Bearing in mind the problem of feline overpopulation in America, it is always surprising to me why people let their cats breed. Cat owners should be aware of the problems of unregulated breeding which often leads to unwanted cats. This leads to the first issue. Some people simply are unaware of the issues. Education is often at the root of the problem.
One does not want to be judgemental or criticize but poor education can lead to poor incomes and of course poor a income can lead to decisions which a person would not otherwise make.
Some owners might balk at the idea of spending money on spaying or neutering their cats. It may simply be a financial thing coupled with carelessness and apathy. The lack of a close bond between owner and cat will make this situation more likely. Across America there are low-cost spay and neuter programs to address this problem. These programs have been successful in increasing the sterilization rate to over 80%.
Apparently, numerous studies have shown that the percentage of sterilized pet cats can exceed 80% depending upon the location, urban versus rural areas and owned versus relinquished cats.
The main method of controlling cat population size in America is through surgical sterilization despite alternative methods such as contraceptive hormone therapy and vaccines. But for mass sterilization the size of the cat population America would be vast because we know how efficiently cats can breed.
There is a proportion of Americans who believe that female cats need to “experience parturition” before they are sterilized. A study in 1996 by a guy called Luke found that just over 20% of cats gave birth to an average of just under 2.5 litters with an average litter size of 4.3 kittens before being spayed. The question is why do people allow this to happen?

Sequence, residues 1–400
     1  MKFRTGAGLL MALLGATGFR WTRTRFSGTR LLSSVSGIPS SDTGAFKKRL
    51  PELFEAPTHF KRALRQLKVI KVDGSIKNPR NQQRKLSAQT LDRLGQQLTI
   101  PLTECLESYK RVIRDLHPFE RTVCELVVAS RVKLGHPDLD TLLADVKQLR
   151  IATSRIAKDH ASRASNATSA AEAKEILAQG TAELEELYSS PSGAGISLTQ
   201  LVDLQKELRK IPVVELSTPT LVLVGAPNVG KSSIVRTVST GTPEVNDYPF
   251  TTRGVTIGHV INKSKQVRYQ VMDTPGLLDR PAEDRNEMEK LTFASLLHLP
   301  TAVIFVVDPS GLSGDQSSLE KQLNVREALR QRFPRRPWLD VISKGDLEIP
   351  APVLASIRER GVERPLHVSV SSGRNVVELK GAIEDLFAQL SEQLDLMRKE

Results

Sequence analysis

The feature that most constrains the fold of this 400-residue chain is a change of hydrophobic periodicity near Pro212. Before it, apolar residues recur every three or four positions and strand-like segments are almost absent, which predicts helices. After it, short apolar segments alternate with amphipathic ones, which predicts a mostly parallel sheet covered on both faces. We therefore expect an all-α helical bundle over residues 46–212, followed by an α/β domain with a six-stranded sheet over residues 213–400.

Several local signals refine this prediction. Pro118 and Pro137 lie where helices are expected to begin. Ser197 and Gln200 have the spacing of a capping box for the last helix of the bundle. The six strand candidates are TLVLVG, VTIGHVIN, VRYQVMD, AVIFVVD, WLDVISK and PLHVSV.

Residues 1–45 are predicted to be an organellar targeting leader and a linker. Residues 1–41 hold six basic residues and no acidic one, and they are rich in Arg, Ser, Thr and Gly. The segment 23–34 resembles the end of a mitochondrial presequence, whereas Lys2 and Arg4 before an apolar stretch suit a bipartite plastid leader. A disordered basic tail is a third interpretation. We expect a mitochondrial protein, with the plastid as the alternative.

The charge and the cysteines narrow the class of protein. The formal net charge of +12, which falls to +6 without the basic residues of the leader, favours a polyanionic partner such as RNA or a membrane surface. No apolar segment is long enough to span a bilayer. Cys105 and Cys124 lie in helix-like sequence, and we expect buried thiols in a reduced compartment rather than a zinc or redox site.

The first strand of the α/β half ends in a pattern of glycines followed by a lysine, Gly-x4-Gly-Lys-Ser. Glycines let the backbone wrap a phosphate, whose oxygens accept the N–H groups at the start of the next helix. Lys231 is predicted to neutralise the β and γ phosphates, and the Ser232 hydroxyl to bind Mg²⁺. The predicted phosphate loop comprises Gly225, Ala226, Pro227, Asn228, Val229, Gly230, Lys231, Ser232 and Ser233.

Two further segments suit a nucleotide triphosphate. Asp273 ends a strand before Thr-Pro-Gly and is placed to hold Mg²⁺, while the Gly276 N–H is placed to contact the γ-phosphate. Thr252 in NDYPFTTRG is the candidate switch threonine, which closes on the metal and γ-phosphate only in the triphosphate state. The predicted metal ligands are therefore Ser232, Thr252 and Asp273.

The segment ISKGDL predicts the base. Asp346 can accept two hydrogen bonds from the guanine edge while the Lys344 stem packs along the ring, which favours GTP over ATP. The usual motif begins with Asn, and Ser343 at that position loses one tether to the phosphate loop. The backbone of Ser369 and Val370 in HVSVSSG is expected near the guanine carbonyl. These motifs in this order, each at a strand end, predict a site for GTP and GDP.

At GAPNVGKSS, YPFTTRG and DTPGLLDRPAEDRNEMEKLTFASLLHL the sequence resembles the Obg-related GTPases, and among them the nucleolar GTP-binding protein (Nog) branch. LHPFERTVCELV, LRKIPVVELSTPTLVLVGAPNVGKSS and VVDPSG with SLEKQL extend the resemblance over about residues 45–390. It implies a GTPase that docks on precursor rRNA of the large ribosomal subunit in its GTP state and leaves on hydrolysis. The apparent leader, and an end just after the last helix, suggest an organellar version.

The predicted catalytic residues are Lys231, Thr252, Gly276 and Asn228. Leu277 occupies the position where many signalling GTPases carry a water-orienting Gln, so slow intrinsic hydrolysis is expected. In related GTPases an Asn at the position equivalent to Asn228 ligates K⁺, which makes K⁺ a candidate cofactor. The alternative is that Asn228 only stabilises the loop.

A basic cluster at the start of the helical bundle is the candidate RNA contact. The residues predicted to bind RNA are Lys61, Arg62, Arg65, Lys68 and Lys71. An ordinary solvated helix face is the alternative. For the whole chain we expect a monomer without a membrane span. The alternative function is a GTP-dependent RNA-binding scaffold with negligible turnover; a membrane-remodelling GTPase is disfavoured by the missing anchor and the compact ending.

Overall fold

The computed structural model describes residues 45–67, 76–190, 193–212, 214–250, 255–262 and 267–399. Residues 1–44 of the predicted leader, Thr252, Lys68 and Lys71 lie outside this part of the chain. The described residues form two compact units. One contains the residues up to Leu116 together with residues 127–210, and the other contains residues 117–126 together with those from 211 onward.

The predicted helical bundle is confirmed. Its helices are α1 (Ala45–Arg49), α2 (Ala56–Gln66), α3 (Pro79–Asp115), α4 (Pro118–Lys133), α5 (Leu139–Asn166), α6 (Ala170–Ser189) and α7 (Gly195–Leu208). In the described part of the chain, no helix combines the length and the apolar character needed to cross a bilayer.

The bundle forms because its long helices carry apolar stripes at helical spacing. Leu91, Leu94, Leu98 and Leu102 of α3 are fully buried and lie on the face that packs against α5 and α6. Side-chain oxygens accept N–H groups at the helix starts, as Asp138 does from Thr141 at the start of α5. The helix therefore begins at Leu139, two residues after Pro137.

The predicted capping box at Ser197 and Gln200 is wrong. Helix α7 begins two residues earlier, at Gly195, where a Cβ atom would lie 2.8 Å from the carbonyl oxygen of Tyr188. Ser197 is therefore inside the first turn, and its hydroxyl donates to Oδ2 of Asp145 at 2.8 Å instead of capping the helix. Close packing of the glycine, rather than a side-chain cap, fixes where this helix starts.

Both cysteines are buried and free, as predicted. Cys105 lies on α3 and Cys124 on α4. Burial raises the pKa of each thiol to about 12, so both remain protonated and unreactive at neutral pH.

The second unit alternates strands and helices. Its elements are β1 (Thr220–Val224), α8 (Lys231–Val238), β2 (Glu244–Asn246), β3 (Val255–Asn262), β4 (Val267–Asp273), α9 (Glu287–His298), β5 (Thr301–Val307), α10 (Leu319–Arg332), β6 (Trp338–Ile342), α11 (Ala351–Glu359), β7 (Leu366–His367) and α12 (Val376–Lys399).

People don’t know the answer to that question for sure. Some people let their cats breed because they humanize (anthropomorphize) their parental instincts onto their pet cats. Other people believe that a female cat will be healthier if she has kittens. Yet again more people believe that female cats have a right to have kittens. It seems to me that these people make a conscious decision to allow their female cats to have kittens. And they make this decision perhaps unaware of the problems of unwanted cats due to uncontrolled breeding. I believe that there is a element of apathy and sloppiness involved in these decisions.
And it is possible that the people who make these choices would not change their minds even if you could explain to them all the issues. This is because of personal convictions rather than a lack of knowledge.
Some people believe that cats need to reach sexual maturity before they are sterilised. Some veterinarians advise that cats should be at least six months of age before they are altered. This advice may be outdated because. It seems that modern thinking is that early age spaying and neutering should be the norm.
Because some people in society allow their cats to breed for the reasons mentioned above it is certainly useful in the prevention of unwanted kittens if there is a policy of early spaying and neutering in cats as young as seven weeks of age. In the UK, the British Veterinary Association recommend that pet cats are neutered from 16 weeks. In the UK neutering normally takes place around 5 to 6 months of age. Many cats reach sexual maturity before this time. Modern thinking is that neutering from eight weeks of age carries no detrimental effects for the cat. And in terms of population control of cats it is important that they are neutered before they are sexually active. In the UK the word “neutered” means both neutering of male cats and the spaying of female cats.
It could be argued that local authorities should be more involved in subsidizing low-cost spay neuter programs. I’m sure that it would reduce the number of unsterilized cats if low-cost spaying and neutering was more widespread. However, a small percentage of people refuse to sterilize their pet cats because of their convictions and perhaps because of a lack of education.
In one study that took place in 1998 it was found that just over 50% of cats given up to 12 shelters throughout America were sterilized.
Finally, the relinquishment of cats whether sterilized or not sterilized because of a breakdown in the relationship between owner and pet also adds to the number of unwanted cats which is arguably the same thing as an overpopulation of cats.